Bold researcher drives global discourse on rare autoimmune disease

Canadian PBC Society's researcher of the year hopes to reduce transplant need with novel antiviral treatment.

Kirsten Bauer - 29 August 2017

In 2015 Andrew Mason confirmed the existence of a human betaretrovirus in patients with Primary Biliary Cirrhosis (PBC) after years of investigating the contentious topic. Mason had long suspected that PBC, an autoimmune disease of the liver that has traditionally been treated with immunosuppressant drugs, is triggered by the virus.

The discovery marked a turning point in the scientific discussion around PBC and challenged entrenched ways of thinking of the disease. Mason's efforts have now led to the University of Alberta scientist being named outstanding researcher of the year by the Canadian PBC Society in February 2017.

"It's still considered controversial and a little bit out there," said Mason, the co-director of the Centre of Excellence for Gastrointestinal Inflammation and Immunity Research and the director of the U of A's Applied Genomics Core. "We originally published the initial viral linkage in 2003, and in 2004 someone replicated the study and got different results, so the controversy started."

With his findings now validated, Mason seeks to drive attention to new possibilities of treatment. As the primary researcher pursuing antiviral treatment worldwide, he spends much of his time sharing his findings with colleagues internationally. Despite his efforts, he finds some remaining skepticism makes it difficult to be heard.

Opposition from members of the research community stems from many years of researching immunosuppressant drug therapy. According to Mason, the drugs have harsh side effects and little impact on PBC patients, which helped drive his curiosity about the underlying cause of the disease.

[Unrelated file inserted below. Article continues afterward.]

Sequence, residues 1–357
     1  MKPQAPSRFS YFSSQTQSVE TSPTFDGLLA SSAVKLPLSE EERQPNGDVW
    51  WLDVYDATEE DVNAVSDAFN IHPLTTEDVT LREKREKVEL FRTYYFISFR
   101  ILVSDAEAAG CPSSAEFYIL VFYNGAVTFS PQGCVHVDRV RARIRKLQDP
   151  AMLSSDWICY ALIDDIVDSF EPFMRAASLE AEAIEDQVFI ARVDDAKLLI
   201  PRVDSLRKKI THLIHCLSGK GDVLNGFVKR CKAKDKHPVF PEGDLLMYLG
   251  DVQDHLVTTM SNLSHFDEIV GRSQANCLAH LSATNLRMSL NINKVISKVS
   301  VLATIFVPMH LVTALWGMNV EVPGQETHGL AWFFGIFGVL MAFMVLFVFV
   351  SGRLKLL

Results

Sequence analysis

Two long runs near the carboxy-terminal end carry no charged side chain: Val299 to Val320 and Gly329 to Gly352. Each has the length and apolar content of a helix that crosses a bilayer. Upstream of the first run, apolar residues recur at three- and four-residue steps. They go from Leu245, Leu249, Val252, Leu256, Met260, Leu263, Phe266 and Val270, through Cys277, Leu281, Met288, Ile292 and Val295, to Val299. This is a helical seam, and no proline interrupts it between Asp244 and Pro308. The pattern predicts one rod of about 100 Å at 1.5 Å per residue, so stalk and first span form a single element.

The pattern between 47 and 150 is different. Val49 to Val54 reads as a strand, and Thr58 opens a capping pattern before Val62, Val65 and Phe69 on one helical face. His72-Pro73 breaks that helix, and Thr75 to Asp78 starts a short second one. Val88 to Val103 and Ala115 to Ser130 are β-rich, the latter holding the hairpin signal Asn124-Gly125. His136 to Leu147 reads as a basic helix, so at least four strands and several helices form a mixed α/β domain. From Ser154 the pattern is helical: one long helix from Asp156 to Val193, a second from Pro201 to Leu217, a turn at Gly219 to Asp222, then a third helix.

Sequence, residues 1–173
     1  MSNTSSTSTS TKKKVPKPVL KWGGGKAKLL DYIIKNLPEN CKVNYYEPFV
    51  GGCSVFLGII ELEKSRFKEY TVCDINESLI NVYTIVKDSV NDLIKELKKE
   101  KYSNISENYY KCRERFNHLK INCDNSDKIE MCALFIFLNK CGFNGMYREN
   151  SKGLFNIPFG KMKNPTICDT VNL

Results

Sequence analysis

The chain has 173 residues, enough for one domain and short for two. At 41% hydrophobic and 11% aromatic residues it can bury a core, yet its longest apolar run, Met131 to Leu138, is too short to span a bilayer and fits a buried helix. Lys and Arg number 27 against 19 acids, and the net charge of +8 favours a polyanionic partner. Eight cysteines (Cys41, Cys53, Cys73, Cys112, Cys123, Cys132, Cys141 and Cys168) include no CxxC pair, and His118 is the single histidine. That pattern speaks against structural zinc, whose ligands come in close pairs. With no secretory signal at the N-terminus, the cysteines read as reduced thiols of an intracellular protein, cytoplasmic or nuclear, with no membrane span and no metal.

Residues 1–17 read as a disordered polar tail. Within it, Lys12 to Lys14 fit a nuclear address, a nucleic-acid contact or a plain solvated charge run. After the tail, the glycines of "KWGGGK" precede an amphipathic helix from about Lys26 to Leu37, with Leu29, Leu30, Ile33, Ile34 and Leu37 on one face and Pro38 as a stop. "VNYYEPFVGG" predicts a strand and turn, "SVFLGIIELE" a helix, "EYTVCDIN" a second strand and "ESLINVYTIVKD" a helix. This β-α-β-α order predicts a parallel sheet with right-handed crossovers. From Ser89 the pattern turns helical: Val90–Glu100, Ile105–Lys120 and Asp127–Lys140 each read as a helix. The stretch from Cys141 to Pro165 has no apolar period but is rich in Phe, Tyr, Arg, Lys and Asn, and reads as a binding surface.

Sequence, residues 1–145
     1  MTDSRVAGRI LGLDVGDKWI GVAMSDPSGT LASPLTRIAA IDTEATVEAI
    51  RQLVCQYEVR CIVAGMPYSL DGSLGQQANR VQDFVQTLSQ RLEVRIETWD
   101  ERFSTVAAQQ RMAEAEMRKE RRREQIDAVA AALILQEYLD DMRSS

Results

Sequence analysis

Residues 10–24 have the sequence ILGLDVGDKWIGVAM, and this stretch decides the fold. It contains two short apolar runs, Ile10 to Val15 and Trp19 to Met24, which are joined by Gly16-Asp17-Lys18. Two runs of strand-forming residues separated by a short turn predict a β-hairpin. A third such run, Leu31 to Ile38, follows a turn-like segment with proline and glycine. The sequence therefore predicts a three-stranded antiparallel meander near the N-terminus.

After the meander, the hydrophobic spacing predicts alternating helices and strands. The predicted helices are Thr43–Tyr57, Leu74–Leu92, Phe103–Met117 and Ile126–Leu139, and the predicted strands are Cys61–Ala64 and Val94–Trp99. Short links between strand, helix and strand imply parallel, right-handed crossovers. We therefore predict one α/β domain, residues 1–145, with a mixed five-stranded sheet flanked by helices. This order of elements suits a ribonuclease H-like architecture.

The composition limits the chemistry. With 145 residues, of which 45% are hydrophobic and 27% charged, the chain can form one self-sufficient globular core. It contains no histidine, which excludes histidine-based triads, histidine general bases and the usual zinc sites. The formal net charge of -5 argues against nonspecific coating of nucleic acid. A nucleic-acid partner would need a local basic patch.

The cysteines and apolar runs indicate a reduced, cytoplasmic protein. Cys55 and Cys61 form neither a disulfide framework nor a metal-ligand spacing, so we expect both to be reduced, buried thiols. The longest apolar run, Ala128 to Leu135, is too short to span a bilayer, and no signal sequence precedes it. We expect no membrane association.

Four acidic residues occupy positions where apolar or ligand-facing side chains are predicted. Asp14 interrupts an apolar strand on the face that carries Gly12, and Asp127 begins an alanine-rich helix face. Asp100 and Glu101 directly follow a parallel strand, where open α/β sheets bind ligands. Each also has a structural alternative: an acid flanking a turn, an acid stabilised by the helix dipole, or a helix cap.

"There are certain areas of medicine that intuitively don't make sense and you know that something is going on. And you find you're pulled towards these areas because you know there's something there," said Mason, also the director of research for the U of A's Division of Gastroenterology. "Why should the body's immune system attack itself? It just doesn't make sense."

With one in 1,000 people affected, PBC is considered to be a rare disease. According to Mason, his research could also shed light on a host of other autoimmune disorders.

"This is sort of generative. If you find a virus associated with one disease, people will use that and apply some of those techniques to other diseases and eventually develop a treatment. That's really what it's all about."

Mason is now exploring antiretroviral therapy to treat his patients. The prospect of a working treatment and preventing liver transplants has already attracted several from Europe, the US, and across Canada. With the growing excitement, Mason recognizes there are still many challenges to overcome.

"We've got patients who've responded to treatment, and my major annoyance now is that I can't give it to them because even though I can prescribe a drug, the patients can't afford it," said Mason. "It's monumentally annoying."

The next steps for Mason's team involve a clinical trial to prove that the drugs are working.

"If we can show the government it really works then they will be willing to cover the drug. So that's what we're working on now. We're not out of the woods yet."